Some over-caffeinated harridan is bringing a $114m lawsuit against Starbucks in the US because the company withdrew an offer, which it had originally intended only for friends and family of employees. This person clearly leads a full and profitable life. It pains me to take the side of the giant here, especially an avatar of conformism and homogenisation such as Starbucks but I wish the lawsuit embarrassing failure. For one, it damages the credibility of far more worthy class-action suits brought against large corporations that do lasting damage to communities, employees and the environment. (And under Bush, tort reform has attempted to block off these avenues as it is). Secondly, it is an indication of one's pathetic understanding of the world that litigation should hinge on such a ridiculous thing as consuming a cup of bad, charred coffee. The lady in question would be advised to do what any sensible person would: take their business elsewhere. No doubt, like most Americans she would not recognise decent coffee if she were force-fed it for six months on end but I am sure she will be able to find another outlet that will gladly honour her loyalty card. It is hard to champion the cause of Western civilization when faced with such childish solipsism as this.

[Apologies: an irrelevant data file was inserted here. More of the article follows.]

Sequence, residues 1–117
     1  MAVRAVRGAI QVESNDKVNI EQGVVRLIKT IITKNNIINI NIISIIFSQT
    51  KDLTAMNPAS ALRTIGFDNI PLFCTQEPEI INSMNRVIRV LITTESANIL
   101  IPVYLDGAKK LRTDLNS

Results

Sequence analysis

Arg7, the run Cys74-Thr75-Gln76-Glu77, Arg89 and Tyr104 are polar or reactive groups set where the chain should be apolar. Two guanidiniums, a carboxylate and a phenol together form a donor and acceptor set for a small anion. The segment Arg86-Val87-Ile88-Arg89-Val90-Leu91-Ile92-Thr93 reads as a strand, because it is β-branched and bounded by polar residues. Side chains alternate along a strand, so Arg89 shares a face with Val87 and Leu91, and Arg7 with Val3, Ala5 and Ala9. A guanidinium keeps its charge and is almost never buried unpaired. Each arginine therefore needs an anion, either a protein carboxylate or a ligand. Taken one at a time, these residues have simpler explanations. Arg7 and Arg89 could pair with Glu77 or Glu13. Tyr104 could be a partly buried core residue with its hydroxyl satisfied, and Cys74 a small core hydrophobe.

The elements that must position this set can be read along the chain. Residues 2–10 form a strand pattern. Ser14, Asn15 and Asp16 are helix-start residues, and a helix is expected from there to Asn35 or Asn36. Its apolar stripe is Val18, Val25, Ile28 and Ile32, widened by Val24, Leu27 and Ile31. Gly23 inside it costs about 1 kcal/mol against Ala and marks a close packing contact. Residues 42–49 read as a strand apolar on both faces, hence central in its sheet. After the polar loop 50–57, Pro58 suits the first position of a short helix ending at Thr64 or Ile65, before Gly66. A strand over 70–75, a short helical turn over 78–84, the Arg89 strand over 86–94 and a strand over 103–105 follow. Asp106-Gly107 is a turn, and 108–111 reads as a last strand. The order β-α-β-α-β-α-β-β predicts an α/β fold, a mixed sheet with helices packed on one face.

Wednesday, September 13, 2006

Zip Up Your Mickey

Living abroad, and not having yet set foot on the Emerald Isle in 2006, I am a little behind important developments back home, so I am straggling after all those bloggers in Ireland that have been enjoying the fall-out of the Twink "Zip Up Your Mickey" saga. People in Ireland will know all about it already, but those elsewhere might be interested, out of pure entertainment, in listening to the voicemail message the veteran cabaret star left on her estranged husband David Agnew's machine. Apparently somebody close to the randy hubby leaked the message to embarrass Twink, but it has had the opposite effect, if hardly one desired by the deliverer of it. Listen and enjoy - good, old-fashioned Dublin abuse. And then there's this clever little 'remix' of it, that makes full use of the newest catchphrases in Irish life. It'll be up there eventually with GUBU. What are you like?